Jason Martin is a contemporary British artist known for his monochromatic abstract paintings and mixed-media works that engage with a range of materials and techniques to explore the physical properties of the medium of paint in contemporary art.Read More
After training at Goldsmiths, University of London, in the early 1990s, Martin developed diverse methods of manipulating paint including dragging, scraping, squeegeeing, or combing pigment across different supports. The resulting paintings—often monochromatic and evocative of post-Minimalism or Colour Field Painting—feature irregular surfaces that create a sense of movement. In Lover (1997), for example, red oil paint spreads horizontally on a sheet of Perspex, its soft undulating lines suggesting motion, while the sweeping and wavy strokes in Detox (1999) form an alternating pattern of upright and upturned triangles.
While Martin's paintings are abstract, the shadows created by the hardened lines of his brushstrokes or marks add a sense of dimension to his artwork and evoke landscapes. In Fantasia (2003)—a square oil painting on aluminium—dark turquoise lines rise and fall to hint at mountain ridges or ocean topography. Vertigo (2006)—a monumental oil painting also on aluminium—consists of soft and feathery undulations that recall a curtain or waves. In an interview with The Spaces in 2016, the artist acknowledged the intertwined relationship of abstraction to figuration in his work, saying, 'I've always viewed myself as a landscape painter dressed up as an abstractionist.'
After nearly two decades of painting in oil, Martin took a three-year hiatus from the medium in 2013 to redefine his goals for it. During this period, he worked in mixed media, including metal-cast sculptures. In the solo show Painting as Sculpture at Lisson Gallery, Milan, in 2013, the artist presented a series of small nickel- and copper-cast works that capture the thickness, volume, and texture of globules of paint on a smooth surface. In Cabo (2013), the small particles captured in the texture of paint contrast with the smooth exterior of the support surface, while Sloe (2013) features sweeping strokes seemingly cascading down in nickel from the upper-left corner. The exhibition also included a stainless steel sculpture, titled Anathema (2013) and shaped like a meteorite or a seedpod, with a rough and gnarled exterior.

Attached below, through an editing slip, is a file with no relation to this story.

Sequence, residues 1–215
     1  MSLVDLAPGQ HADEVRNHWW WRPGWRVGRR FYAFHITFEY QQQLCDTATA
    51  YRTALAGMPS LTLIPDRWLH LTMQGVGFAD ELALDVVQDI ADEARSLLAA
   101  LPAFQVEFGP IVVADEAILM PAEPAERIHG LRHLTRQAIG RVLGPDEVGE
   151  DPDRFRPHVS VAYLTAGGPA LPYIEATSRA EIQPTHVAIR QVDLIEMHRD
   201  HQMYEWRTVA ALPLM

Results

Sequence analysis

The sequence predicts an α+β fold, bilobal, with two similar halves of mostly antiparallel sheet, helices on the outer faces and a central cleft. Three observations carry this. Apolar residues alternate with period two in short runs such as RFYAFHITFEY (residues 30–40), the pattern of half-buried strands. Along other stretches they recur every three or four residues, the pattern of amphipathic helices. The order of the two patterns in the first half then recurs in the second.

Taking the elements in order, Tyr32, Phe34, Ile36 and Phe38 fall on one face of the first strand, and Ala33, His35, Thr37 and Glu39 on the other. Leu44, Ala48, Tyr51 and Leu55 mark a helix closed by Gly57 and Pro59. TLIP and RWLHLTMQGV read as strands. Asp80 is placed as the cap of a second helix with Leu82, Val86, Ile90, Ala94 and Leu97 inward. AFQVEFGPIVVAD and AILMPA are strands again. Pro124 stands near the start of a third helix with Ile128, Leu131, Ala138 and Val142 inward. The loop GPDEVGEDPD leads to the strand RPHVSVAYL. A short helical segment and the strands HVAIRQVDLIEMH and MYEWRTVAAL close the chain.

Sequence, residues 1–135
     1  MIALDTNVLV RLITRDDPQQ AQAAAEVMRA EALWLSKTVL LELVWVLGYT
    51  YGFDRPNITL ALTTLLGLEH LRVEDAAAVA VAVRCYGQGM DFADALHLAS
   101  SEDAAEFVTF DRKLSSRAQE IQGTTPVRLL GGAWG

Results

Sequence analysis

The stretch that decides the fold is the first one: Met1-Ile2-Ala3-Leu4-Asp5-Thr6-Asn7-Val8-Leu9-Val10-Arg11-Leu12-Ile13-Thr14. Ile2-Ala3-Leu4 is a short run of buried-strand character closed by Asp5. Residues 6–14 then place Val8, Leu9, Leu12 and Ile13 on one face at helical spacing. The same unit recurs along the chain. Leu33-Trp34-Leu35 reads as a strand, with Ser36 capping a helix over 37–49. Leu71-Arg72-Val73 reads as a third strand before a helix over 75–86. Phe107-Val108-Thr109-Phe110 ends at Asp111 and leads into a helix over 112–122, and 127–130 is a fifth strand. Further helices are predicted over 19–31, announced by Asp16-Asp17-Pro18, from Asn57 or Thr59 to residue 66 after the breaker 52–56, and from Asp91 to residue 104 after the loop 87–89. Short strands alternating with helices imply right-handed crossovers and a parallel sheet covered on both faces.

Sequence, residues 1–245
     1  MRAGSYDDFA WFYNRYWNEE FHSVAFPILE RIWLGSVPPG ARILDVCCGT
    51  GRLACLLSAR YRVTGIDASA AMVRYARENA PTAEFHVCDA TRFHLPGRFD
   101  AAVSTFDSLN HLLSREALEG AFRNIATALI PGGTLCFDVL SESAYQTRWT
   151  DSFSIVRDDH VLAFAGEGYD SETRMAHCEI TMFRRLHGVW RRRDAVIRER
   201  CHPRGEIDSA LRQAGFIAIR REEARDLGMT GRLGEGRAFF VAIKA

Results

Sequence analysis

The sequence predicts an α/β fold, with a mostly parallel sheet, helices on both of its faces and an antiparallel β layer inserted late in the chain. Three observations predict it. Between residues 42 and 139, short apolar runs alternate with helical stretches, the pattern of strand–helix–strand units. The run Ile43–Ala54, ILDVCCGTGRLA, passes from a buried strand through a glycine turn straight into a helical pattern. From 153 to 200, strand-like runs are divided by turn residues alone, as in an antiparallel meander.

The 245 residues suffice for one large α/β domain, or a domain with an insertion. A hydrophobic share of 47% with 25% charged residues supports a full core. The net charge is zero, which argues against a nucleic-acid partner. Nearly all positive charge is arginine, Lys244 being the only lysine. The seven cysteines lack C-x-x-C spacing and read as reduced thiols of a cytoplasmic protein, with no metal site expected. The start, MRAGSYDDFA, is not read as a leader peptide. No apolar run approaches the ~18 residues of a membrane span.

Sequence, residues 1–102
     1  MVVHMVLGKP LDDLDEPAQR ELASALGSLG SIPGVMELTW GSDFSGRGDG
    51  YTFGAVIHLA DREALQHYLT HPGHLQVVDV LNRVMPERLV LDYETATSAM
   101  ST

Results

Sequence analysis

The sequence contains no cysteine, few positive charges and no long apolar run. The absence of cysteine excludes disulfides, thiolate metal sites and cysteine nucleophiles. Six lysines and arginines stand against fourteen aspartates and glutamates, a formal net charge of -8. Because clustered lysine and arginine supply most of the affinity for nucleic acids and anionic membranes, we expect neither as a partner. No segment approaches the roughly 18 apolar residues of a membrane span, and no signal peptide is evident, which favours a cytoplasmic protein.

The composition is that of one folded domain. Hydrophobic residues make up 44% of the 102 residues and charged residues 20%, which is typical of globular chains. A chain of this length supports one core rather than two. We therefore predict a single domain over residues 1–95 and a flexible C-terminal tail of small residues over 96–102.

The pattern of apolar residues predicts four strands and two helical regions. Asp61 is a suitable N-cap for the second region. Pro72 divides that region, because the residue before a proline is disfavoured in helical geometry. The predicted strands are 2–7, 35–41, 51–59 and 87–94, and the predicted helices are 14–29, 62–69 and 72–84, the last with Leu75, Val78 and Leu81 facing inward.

When he returned to oil painting in 2016, Martin simplified his approach, moving away from large paintbrushes to work with smaller hand-held brushes. More recent paintings commonly depict horizontal bands that are uneven in surface and line (a product of painting with smaller brushes), and are titled after the colours the artist used. Untitled (Davy's Grey / Ivory Black) (2016), for example, shows bands of dark grey on a background of bluish grey. The top and bottom of the canvas has been smoothed, contrasting the rugged surface in the middle.
Martin continues to evolve his practice by experimenting with new materials. For his solo exhibition Meta physical at STPI, Singapore (23 March–4 May 2019), he employed embossed relief, paper pulp, and paper casting techniques to create artworks that are rich in texture. In the relief print First in last (2018), for example, the small intricate marks made by a rotary device only become visible up close; from a distance, the work appears to be a monochromatic painting in red with erratic lines across it. Currently, the artist's solo show at Lisson Gallery in London (Long Way Home, 15 May–22 June 2019) features paintings made with a new type of oil paint containing graphite. A product of collaboration with the paint manufacturer Old Holland, the 'Jason Graphite Grey' and 'Jason Graphite Grey Deep' lend paintings a slight metallic finish.
Martin lives and works in London and Portugal.
Sherry Paik | Ocula | 2019